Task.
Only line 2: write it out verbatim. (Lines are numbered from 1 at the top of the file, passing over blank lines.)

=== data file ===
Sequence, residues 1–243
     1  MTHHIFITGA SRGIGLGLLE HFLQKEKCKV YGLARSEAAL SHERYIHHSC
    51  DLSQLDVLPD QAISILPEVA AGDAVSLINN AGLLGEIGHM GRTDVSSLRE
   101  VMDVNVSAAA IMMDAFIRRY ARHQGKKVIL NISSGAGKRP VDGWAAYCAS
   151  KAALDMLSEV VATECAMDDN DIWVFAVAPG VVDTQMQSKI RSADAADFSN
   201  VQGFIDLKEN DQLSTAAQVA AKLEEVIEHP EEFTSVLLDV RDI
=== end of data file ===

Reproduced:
     1  MTHHIFITGA SRGIGLGLLE HFLQKEKCKV YGLARSEAAL SHERYIHHSC